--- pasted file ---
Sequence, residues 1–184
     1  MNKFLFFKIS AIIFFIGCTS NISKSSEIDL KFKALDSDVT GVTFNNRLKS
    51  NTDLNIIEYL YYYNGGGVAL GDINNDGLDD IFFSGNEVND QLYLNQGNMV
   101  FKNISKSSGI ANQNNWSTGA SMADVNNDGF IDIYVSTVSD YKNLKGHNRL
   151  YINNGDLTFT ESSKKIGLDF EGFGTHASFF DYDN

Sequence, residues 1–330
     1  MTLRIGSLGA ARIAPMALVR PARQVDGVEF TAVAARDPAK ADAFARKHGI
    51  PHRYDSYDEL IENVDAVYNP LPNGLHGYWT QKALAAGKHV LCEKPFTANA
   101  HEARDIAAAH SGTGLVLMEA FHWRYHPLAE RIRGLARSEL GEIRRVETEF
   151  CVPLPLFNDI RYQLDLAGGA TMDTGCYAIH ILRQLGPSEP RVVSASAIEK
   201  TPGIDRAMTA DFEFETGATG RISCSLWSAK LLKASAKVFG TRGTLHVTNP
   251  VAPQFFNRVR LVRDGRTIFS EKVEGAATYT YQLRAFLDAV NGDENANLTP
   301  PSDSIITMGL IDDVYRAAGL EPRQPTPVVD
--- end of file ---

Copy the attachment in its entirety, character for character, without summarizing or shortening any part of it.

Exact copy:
Sequence, residues 1–184
     1  MNKFLFFKIS AIIFFIGCTS NISKSSEIDL KFKALDSDVT GVTFNNRLKS
    51  NTDLNIIEYL YYYNGGGVAL GDINNDGLDD IFFSGNEVND QLYLNQGNMV
   101  FKNISKSSGI ANQNNWSTGA SMADVNNDGF IDIYVSTVSD YKNLKGHNRL
   151  YINNGDLTFT ESSKKIGLDF EGFGTHASFF DYDN

Sequence, residues 1–330
     1  MTLRIGSLGA ARIAPMALVR PARQVDGVEF TAVAARDPAK ADAFARKHGI
    51  PHRYDSYDEL IENVDAVYNP LPNGLHGYWT QKALAAGKHV LCEKPFTANA
   101  HEARDIAAAH SGTGLVLMEA FHWRYHPLAE RIRGLARSEL GEIRRVETEF
   151  CVPLPLFNDI RYQLDLAGGA TMDTGCYAIH ILRQLGPSEP RVVSASAIEK
   201  TPGIDRAMTA DFEFETGATG RISCSLWSAK LLKASAKVFG TRGTLHVTNP
   251  VAPQFFNRVR LVRDGRTIFS EKVEGAATYT YQLRAFLDAV NGDENANLTP
   301  PSDSIITMGL IDDVYRAAGL EPRQPTPVVD